Emily Dickinson (1830-‐1886), and her widely acknowledged English counterpart Elizabeth Barrett Browning (1806-‐1861), have been the subject and inspiration of many composers worldwide. These literary “sisters”provide a composer and performer with a unique yet challenging construct of poetic imagery and device that can be directly translated into a musical sphere. This presentation will feature two song settings from the 2008 cycle "Songs of Love" by the English composer Andrew Downes (1950-‐): Elizabeth Barrett Browning’s poem "How do I love thee?" from her cycle "Sonnets from the Portuguese" and Emily Dickinson’s poem "One Blessing had I" (Fr767).
By means of video and audio recording, analysis of musical score and discussion of the creative process from page to the performance space, I will address how both musical creator and interpreter play a vital role in highlighting and defining the similarities and differences between the two poets and their work.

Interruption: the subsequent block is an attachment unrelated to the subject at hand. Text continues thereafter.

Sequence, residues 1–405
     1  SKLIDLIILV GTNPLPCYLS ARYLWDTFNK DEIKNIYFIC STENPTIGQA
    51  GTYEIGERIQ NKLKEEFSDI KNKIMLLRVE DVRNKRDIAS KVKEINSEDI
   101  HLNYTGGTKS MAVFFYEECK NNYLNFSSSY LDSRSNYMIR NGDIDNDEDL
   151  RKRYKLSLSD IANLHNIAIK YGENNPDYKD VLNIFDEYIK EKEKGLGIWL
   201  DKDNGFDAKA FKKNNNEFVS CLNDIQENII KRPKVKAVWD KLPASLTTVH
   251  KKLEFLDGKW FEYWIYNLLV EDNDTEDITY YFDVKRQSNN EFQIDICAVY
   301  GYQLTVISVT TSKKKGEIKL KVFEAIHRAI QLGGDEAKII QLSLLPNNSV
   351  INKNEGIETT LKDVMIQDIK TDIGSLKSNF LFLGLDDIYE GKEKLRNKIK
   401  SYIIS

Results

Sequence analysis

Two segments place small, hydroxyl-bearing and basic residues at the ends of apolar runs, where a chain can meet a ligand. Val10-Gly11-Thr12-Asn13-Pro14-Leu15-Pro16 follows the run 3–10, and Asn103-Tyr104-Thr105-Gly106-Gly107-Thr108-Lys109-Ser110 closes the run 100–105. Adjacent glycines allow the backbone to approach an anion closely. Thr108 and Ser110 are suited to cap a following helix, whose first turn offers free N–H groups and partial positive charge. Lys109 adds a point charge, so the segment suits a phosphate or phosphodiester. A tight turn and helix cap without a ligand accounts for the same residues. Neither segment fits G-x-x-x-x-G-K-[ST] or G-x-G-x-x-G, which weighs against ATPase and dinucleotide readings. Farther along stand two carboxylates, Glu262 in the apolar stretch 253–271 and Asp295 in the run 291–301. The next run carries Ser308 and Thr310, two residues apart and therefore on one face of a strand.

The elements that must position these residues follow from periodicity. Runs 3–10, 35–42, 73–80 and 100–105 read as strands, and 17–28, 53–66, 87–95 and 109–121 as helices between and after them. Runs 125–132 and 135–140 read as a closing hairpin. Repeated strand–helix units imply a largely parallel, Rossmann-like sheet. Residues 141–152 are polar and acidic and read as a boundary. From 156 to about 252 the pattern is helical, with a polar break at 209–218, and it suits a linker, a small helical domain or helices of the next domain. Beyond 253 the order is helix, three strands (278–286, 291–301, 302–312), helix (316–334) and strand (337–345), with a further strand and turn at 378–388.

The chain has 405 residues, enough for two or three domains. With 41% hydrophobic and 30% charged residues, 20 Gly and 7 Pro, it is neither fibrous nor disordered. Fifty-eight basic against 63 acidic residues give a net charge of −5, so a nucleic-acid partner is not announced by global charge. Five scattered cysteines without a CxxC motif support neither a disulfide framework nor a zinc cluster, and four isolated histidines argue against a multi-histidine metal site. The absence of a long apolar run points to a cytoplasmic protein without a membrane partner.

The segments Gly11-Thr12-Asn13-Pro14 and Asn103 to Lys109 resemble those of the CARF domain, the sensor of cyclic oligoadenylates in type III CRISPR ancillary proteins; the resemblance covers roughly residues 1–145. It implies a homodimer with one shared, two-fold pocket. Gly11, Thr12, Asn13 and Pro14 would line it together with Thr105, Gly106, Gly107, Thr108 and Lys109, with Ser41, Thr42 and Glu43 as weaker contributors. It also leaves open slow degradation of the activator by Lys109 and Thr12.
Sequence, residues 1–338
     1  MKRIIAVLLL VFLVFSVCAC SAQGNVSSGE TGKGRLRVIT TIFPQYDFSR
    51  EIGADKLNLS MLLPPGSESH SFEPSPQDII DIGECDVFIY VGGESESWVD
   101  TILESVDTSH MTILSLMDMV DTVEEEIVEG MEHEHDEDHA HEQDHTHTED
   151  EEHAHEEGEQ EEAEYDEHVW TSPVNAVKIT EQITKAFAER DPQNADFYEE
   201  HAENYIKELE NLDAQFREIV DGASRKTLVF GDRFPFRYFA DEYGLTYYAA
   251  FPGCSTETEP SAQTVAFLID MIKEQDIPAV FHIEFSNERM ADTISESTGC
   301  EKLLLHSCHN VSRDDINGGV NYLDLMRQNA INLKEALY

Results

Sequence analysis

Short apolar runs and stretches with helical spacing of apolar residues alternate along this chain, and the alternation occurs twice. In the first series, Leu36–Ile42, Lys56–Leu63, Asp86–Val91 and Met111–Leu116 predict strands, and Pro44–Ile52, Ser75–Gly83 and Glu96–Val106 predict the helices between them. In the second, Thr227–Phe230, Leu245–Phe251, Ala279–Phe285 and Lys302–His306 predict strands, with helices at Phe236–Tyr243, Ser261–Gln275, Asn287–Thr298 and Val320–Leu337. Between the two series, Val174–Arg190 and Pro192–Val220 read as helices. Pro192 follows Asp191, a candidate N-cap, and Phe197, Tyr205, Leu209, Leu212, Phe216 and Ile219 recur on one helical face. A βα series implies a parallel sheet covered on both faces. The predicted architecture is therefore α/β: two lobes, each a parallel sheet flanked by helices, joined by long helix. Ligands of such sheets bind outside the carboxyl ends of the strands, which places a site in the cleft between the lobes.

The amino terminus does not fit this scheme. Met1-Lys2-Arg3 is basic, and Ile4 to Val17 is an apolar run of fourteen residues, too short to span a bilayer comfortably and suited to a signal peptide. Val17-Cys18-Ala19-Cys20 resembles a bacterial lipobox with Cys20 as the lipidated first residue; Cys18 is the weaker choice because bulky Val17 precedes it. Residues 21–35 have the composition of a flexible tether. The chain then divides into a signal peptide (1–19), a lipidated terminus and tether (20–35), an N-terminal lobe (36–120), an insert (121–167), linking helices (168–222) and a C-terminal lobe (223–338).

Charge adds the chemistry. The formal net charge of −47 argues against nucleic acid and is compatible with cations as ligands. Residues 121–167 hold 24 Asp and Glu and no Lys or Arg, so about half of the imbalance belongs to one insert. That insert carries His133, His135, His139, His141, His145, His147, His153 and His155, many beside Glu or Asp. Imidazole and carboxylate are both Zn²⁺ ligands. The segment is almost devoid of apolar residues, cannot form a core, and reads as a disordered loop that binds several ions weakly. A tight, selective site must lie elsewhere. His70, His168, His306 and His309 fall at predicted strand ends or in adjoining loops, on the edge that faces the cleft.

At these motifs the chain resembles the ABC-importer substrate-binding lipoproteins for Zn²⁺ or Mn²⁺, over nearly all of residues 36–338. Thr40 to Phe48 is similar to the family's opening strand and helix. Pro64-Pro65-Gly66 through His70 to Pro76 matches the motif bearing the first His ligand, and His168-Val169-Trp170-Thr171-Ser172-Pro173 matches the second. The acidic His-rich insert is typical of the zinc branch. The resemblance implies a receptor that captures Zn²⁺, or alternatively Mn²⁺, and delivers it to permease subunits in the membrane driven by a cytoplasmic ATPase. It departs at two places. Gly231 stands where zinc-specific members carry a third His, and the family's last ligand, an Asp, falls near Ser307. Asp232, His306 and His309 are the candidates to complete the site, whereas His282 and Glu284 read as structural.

Further, this presentation will discuss Dickinson and Browning’s assumption of the role of musician, composer and performer, the way in which the interaction between these ‘players’ in their ‘drama of self‘ is reflected and expressed in musical terms and how both composer and, ultimately, performer are inspired to then interpret their work through their own artistic filters. By documenting the performer’s creative journey in bringing these musical narratives to life my hope is that this research will encourage music practitioners to explore the "titanic operas" of Emily Dickinson and Elizabeth Barrett Browning.
- American cultural studies
- Performance Studies
- Literature and Literary Theory
- Visual Arts and Performing Arts